Following a thought

Whenever I visit a gallery of paintings, the works that depict textiles grab most of my attention.  Bob and I visited the New Britain Museum of American Art last week.  It was our anniversary, and I could picture us wandering the galleries together and talking about what we liked.  In reality, we were hardly in a room together.  He lingered over the landscapes, while I was drawn to portraits and landscapes studded with people captured in the daily work of living.

This is the prize winner.  I had to go back twice and look again.  It is a stunning landscape with the fog and the sheep in the background, and the spent flowers in the foreground. But these two girls are show stoppers!  I can feel the chill in the air, the blush on their cheeks from hard work, the roughness of their clothing.  And look!  One girl is knitting! Daniel Ridgway Knight, The Meeting.  1888.

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I know you want a closer look, as I did.

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And here, Thomas Eakins has captured an elderly woman doing handwork. He called this painting Old Lady Sewing. Perhaps she was younger than I am now when he painted her, although I’d at least like to think I look younger than she does.  At any rate, even 10 years ago, I could not do fine work by such light.

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Closer, you ask?  My phone brightened the colors too much.

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Whenever I visited the Metropolitan or the Frick, when I lived nearby, I would get pulled into the paintings that depicted lacework.  New Britain had a few examples. This is John Singer Sargent’s Miss Cara Burch, 1888.  While everyone else admires this young girl’s porcelain complexion, I am studying crispness of her silk dress and the frill at the edge of her ruffled neckline and bodice.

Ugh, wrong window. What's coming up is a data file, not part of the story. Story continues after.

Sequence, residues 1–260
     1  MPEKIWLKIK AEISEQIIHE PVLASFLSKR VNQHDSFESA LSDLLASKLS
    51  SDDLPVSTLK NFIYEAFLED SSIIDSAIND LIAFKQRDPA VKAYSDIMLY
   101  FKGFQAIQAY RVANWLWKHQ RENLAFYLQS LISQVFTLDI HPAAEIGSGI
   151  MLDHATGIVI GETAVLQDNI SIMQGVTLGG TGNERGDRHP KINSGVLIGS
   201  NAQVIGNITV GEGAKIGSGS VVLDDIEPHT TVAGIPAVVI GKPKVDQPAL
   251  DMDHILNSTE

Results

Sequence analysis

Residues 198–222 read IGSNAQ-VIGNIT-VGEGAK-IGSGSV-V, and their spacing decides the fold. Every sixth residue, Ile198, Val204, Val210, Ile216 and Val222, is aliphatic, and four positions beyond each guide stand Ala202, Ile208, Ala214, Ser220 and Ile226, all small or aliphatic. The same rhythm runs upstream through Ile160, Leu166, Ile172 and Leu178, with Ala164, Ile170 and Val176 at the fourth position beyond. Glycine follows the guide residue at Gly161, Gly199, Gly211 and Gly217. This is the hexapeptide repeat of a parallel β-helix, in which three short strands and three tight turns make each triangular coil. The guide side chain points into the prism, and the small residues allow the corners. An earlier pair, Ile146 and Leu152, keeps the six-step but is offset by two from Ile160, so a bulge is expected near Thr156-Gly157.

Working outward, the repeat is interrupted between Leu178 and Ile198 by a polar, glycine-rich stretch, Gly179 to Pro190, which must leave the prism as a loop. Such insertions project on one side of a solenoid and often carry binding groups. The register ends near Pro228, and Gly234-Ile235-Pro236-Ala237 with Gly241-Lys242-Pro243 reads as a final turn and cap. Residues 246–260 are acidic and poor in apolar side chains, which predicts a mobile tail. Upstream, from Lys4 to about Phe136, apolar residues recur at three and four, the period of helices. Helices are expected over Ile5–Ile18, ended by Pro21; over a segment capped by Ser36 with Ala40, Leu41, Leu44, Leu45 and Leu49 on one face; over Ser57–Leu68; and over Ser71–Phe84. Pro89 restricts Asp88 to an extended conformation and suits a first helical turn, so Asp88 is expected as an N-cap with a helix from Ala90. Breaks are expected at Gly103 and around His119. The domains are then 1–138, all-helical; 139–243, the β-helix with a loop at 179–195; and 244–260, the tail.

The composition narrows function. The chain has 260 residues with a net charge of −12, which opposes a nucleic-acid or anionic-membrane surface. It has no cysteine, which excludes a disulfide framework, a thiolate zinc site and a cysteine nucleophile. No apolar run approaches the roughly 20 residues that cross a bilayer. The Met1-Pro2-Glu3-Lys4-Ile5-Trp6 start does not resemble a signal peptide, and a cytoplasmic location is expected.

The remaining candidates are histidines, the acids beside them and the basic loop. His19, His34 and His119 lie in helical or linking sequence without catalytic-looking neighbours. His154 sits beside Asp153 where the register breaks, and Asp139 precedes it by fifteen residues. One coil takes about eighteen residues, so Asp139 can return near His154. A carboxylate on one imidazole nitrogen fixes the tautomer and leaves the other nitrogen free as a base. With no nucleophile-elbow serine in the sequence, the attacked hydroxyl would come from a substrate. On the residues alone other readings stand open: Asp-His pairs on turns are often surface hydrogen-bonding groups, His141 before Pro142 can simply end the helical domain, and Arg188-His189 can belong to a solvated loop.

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This painting was a pleasure with its riot of textiles.  Woman before a Mirror, 1918.
Louis Ritman

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I recently saw this image connected to an Augusten Burroughs quote. Some things are so awkwardly true.

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Earlier this week, my English friend Lesley sent me this photo.  She was staying at an inn in Belgium, where the innkeeper teaches lace techniques during the day and runs the inn in the evenings.  That would be a terrific get away for a few people I know!

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This afternoon, as I write this, I have a pot of finely chopped carrot tops simmering on the stove.  I’m waiting for them to give up their color, which could take another hour or so.  When they do, I’ll add some alum mordanted, white wool yarn from Weavers’ Bazaar.  I believe it is mostly Leicester Long Wool, spun for tapestry.  Fingers crossed that I’ll get the lovely spring green that Jenny Dean got in one of her books. If there’s time, I’ll continue doing the finishing work on my little Portuguese Man of War tapestry.

And June is calling…. I want to get outside for a bit!

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2 Responses to Following a thought

  1. Lane Harkey says:

    Oh I so enjoyed your tour. Thank you. I don’t know why I have not thought of this before. I have a piece of lacework that I don’t know much about other than I know it came from England. Friends of my mothers were in England back in the late 50s or early 60s when he was in the Air Force and stationed there. They obtained this piece from some elderly sisters from whom they rented an apartment, I believe. Anyway on our second anniversary she gave me this piece of lace and I have had it framed and on the wall ever since. Is there any way that I could send you a picture? It is most exquisite and measures about 8 Sq in. I think I remember her telling me that it was around 100 years old when she gave it to me. I would love for you to see it and see if you could tell me anything about it . Thanks

  2. Melody Serra says:

    Ohhh, I really like The Meeting!

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